Sara Routhier, Managing Editor of Features and Outreach, has professional experience as an educator, SEO specialist, and content marketer. She has over five years of experience in the insurance industry. As a researcher, data nerd, writer, and editor she strives to curate educational, enlightening articles that provide you with the must-know facts and best-kept secrets within the overwhelming worl...

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Joel Ohman is the CEO of a private equity-backed digital media company. He is a CERTIFIED FINANCIAL PLANNER™, author, angel investor, and serial entrepreneur who loves creating new things, whether books or businesses. He has also previously served as the founder and resident CFP® of a national insurance agency, Real Time Health Quotes. He also has an MBA from the University of South Florida. ...

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Reviewed by Joel Ohman
Founder, CFP®

UPDATED: Aug 13, 2012

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Family personal loans are commonplace amongst parents and children, with parents often loaning money to their kids for first-time auto or electronic purchases. Given the sluggish economy though, they’re growing amongst other familial relationships as well. But after loaning money out to family members, the lending party sometimes finds themselves with unexpected charges come the tax season. Had the family personal loans been structured to be tax-friendly, both lender and borrower would avoid unnecessary taxes on inter-family loans.

Family Personal Loan Mistake #1: Charging No Interest

When lending money to family members, a common approach is to lend without interest. After all, what better way to help out a dependable family member than charging no interest on a substantial amount of money? While this benevolent move may help the borrower, in the long run it will hurt the lender.

If you make a zero interest personal loan to anybody, the Internal Revenue Service—better known as the IRS—will slam you with a below-market interest tax.

Below-market interest taxes (also called imputed interest rules) were developed to dissuade wealthy individuals from loaning money to their children in lower tax-brackets at no interest, then having their children invest that money on behalf of the parents. If the IRS suspects a family member of lending money to another at zero interest, they may very well charge a below-market interest tax on the money.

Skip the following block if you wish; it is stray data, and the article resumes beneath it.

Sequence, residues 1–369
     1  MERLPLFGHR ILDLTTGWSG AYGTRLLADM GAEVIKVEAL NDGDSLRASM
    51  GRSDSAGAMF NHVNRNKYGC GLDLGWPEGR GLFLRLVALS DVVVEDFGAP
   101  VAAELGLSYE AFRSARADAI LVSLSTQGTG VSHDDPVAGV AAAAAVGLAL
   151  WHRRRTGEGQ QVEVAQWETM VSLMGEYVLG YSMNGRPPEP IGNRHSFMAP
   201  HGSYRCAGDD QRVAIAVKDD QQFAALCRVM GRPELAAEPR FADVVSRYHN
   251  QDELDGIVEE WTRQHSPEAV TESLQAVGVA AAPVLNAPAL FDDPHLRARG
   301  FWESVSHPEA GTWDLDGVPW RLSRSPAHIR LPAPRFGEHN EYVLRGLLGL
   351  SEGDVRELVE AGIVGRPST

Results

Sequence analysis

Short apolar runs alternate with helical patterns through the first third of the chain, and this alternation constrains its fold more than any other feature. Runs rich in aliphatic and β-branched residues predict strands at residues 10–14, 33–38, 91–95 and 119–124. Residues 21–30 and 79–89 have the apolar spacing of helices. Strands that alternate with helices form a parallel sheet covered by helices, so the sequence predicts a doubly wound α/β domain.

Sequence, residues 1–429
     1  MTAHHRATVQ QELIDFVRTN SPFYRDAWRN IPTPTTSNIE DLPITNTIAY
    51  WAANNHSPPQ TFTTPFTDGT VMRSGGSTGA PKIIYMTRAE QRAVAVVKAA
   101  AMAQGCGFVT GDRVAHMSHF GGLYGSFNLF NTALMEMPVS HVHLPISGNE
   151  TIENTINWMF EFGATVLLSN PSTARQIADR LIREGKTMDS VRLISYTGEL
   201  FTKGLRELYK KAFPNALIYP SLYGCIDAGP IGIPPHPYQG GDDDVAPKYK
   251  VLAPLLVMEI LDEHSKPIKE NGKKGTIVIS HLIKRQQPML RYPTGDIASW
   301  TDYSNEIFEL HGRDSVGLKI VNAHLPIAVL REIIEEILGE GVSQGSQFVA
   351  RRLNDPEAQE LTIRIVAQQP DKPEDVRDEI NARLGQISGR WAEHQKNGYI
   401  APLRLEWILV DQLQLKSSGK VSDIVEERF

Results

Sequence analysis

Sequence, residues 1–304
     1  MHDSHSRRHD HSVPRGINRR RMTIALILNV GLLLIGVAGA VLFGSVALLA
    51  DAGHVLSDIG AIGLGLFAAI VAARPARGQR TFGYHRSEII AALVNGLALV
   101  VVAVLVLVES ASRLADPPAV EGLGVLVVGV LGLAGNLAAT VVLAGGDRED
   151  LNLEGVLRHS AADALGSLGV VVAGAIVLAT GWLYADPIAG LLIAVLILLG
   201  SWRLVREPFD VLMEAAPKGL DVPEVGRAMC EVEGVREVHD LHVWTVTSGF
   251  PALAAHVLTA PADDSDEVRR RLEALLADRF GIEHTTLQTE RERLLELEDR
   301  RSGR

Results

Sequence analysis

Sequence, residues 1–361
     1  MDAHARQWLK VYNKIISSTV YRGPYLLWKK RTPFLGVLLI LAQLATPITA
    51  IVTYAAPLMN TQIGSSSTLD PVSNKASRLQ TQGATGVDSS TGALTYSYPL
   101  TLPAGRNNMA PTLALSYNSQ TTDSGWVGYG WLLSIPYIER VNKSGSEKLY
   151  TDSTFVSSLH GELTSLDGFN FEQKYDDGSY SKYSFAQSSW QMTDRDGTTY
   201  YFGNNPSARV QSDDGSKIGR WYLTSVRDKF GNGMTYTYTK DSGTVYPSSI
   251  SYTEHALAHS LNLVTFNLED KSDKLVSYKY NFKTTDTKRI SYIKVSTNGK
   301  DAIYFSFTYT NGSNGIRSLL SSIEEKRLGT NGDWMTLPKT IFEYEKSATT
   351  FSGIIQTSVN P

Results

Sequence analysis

A below-market interest tax is calculated by looking at the total money lent and the duration it was lent for, then calculating what the interest rate would actually be in real borrower-lender relationships. At that point, the lender will be taxed on each payment he received from the borrower.

Families can avoid below-market interest taxes by charging the minimum amount of interest required on their personal loans.

According the Wall Street Journal, the minimum amount of interest required for tax-friendly personal loans is equal to the applicable federal rate (AFR) as approved by the IRS.

The current monthly AFRs on personal loans are as follows:

  • 0.25 percent for loans of up to three years
  • 0.88 percent on loans between three and nine years
  • 2.21 percent on all loans over nine years

But AFRs are updated monthly and can be found on the IRS’s index of AFR rulings.

Family Personal Loan Mistake #2: Not Making a Contract

Contracts amongst family members may seem silly, but, in the event the transaction turns sour, a contract may be the only thing that can save a relationship.

For any substantial amount of money lent, contracts are necessary protections for both borrower and lender. Contracts preserve any and all agreed-upon terms, and allow both parties to refer to the contents and structure of the financial arrangement they’re a part of at any time.

They also provide legal protections for the lender in the even the borrower defaults. God forbid family members fight over money, but if they do, a contract will help mitigate the relationship damage and expedite a resolution.

Additionally, contracts act as proof that a personal loan is not a gift—which brings us to our next essential point of structuring these deals.

Family Personal Loan Mistake #3: Structuring Arrangement Like a Gift

If the IRS sees a financial arrangement as a “gift” then the giver of that gift (i.e. the lender) loses all rights to reclaiming their money.

Additionally, the gift-giver is the party responsible for any IRS-imposed taxes on the gifted money, which means the lender will be hit with a tax come the end of the year—much like the below-market interest tax mentioned above.

A “gift,” according to the IRS, is any transfer of money where full consideration is not received in return. It is precisely due to this definition that a contract is absolutely necessary when creating a family personal loan. That way, if audited, a lender can prove to the IRS that the money lent was an actual loan, complete with a fair interest rate.

There’s Always Alternatives

It’s absolutely necessary to remember that no amount of money is worth ending—or even fracturing—a family relationship. Consider an alternative source of money if that’s something that either a family lender or borrower fears.

For borrowers with higher credit scores, unsecured personal loans are widely available. What’s more is that by using free online loan quote comparison tools, borrowers can quickly sift through and select a lender that will offer them the cheapest personal loan.

Those who have less-than-pristine credit scores can try finding secured financing, in which they will receive money in exchange for a piece of collateral that a lender can hold as security for their money. Security usually comes in the form of auto titles, paychecks, or home equity.